I’ve been following the debate about civil unions across the pond with interest and bemusement. America was founded on the noble principle that all men are born equal (although, at the time this sentiment didn’t extend to slaves or women). The States is not called the Land of the Free for nothing. Last month New York State legalised same sex marriage, the most populous state ever to have done so. New York has now joined a small select group that includes Connecticut, Iowa, Massachusetts, New Hampshire and Vermont, as well as the District of Columbia. Because it’s New York, New York where Lady Liberty shines her torch the event has been widely reported across the globe. It’s even hit the media here in Turkey.
I assume I’m correct in thinking that a same sex union registered in New York has no legal standing in those states that do not recognise such relationships or have positively banned them. So it’s okay to be a child African bride, a forced Pakistani bride or a polygamous Arab but it’s not okay for two consenting adult Americans to decide who their significant other should be. What a strange situation. There will always be people who object to same sex relationships on moral or religious grounds. They are entitled to their views but are not entitled to force them on others. The wish of some to form a romantic bond with a member of the same sex is a personal issue. The legal recognition of it does not lead to anarchy and Armageddon.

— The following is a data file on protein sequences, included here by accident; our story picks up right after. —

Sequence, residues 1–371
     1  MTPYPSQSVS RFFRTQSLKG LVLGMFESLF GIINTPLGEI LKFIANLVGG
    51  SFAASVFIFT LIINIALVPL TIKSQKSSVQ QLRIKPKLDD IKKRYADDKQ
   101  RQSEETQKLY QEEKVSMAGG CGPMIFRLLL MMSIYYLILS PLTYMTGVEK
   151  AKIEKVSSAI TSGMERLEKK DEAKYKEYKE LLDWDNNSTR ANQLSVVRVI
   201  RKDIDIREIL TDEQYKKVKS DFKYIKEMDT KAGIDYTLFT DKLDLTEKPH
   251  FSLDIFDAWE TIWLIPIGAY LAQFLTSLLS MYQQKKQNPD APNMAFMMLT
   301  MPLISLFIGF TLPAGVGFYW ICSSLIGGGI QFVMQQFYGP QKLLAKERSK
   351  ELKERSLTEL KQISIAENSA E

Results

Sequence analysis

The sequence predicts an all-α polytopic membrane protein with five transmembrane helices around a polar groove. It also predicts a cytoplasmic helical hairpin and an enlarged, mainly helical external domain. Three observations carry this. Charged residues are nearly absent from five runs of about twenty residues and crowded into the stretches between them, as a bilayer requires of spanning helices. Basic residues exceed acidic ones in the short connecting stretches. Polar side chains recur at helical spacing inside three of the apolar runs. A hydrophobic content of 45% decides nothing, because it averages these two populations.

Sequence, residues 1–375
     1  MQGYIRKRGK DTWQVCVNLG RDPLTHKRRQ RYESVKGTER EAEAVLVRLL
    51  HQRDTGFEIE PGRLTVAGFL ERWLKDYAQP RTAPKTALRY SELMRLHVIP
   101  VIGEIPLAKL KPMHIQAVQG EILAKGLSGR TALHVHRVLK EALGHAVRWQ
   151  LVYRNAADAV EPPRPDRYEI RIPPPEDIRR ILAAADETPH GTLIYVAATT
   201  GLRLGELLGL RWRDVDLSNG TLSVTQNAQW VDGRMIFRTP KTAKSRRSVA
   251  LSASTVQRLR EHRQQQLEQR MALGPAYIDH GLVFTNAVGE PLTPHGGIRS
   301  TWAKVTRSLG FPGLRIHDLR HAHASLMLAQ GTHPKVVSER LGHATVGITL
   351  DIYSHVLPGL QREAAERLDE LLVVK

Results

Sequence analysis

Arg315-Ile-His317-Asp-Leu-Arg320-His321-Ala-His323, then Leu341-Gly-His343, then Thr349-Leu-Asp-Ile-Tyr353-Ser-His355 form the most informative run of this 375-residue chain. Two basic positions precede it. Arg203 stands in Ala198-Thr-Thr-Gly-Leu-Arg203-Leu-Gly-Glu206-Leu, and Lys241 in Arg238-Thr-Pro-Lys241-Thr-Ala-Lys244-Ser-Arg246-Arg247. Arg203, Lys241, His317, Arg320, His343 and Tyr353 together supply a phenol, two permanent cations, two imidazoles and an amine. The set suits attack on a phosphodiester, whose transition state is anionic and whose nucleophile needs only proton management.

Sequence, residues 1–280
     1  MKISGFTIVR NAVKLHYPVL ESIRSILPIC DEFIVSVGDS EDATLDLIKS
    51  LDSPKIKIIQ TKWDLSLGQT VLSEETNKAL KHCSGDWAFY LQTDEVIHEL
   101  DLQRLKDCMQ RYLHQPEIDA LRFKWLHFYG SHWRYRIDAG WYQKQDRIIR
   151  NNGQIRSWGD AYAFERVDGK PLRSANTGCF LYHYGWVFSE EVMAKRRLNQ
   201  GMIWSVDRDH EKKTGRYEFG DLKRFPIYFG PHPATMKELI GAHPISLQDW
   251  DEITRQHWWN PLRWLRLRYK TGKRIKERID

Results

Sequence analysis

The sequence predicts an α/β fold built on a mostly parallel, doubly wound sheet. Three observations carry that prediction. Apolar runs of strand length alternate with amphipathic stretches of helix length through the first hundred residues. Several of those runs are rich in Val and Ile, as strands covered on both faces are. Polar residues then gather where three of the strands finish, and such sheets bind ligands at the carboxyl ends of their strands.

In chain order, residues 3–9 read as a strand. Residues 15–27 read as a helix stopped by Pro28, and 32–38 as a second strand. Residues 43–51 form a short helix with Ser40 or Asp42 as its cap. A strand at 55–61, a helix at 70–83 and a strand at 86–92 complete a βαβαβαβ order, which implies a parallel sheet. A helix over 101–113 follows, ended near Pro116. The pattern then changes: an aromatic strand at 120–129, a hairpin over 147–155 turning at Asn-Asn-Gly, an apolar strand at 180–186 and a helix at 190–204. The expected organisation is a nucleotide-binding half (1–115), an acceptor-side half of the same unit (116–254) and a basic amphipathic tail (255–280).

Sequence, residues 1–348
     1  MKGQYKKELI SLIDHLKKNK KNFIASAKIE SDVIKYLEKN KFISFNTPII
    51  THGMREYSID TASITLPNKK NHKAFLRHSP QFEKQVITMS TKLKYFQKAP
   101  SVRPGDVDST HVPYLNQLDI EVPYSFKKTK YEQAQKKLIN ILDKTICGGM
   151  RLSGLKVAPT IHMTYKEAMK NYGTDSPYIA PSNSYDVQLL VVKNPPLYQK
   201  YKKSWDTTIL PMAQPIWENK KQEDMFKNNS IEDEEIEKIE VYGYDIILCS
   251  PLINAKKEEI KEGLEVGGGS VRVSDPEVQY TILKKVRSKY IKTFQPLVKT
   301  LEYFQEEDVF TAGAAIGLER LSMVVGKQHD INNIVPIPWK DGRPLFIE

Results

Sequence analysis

What of my homeland? Civil partnerships were introduced in United Kingdom in 2004 which give same-sex couples rights and responsibilities identical to civil marriage. New Labour may well have put the country in hock for the next century but they did deliver a radical and comprehensive equal rights agenda. This was truly historic and I believe history will judge it so. About time too. I had become thoroughly fed up with a society that expected me to pay all my dues in return for second class citizenship and semi-rights. Liam and I married in 2008.
What of my fosterland? Homosexuality is not mentioned in the Turkish legal code and so gay people live in a kind of legal limbo neither protected nor persecuted, officially anyway. The Turkish Government has made it abundantly clear that it has no intention of introducing equal rights for lesbian and gay Turks. I have to add, our obvious union has never received a bad vibe from the Turks around us. If anything the reverse has been true. As non-Moslem heathens we’re Hell-bound anyway so it matters little what we do.
America is not perfect, no country is, but it is a beacon of freedom and hope for people from less blessed lands. Some people are gay. It’s just the way it is.